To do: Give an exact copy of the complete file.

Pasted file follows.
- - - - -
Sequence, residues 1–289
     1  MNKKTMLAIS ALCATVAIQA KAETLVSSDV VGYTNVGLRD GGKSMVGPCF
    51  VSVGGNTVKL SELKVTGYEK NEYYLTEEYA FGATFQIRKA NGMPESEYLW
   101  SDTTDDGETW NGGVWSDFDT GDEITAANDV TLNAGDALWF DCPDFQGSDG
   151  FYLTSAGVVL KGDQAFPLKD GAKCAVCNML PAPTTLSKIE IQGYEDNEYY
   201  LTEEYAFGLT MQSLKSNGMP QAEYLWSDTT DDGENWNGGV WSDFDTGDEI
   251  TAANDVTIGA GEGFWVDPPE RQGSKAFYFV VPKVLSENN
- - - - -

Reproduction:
Sequence, residues 1–289
     1  MNKKTMLAIS ALCATVAIQA KAETLVSSDV VGYTNVGLRD GGKSMVGPCF
    51  VSVGGNTVKL SELKVTGYEK NEYYLTEEYA FGATFQIRKA NGMPESEYLW
   101  SDTTDDGETW NGGVWSDFDT GDEITAANDV TLNAGDALWF DCPDFQGSDG
   151  FYLTSAGVVL KGDQAFPLKD GAKCAVCNML PAPTTLSKIE IQGYEDNEYY
   201  LTEEYAFGLT MQSLKSNGMP QAEYLWSDTT DDGENWNGGV WSDFDTGDEI
   251  TAANDVTIGA GEGFWVDPPE RQGSKAFYFV VPKVLSENN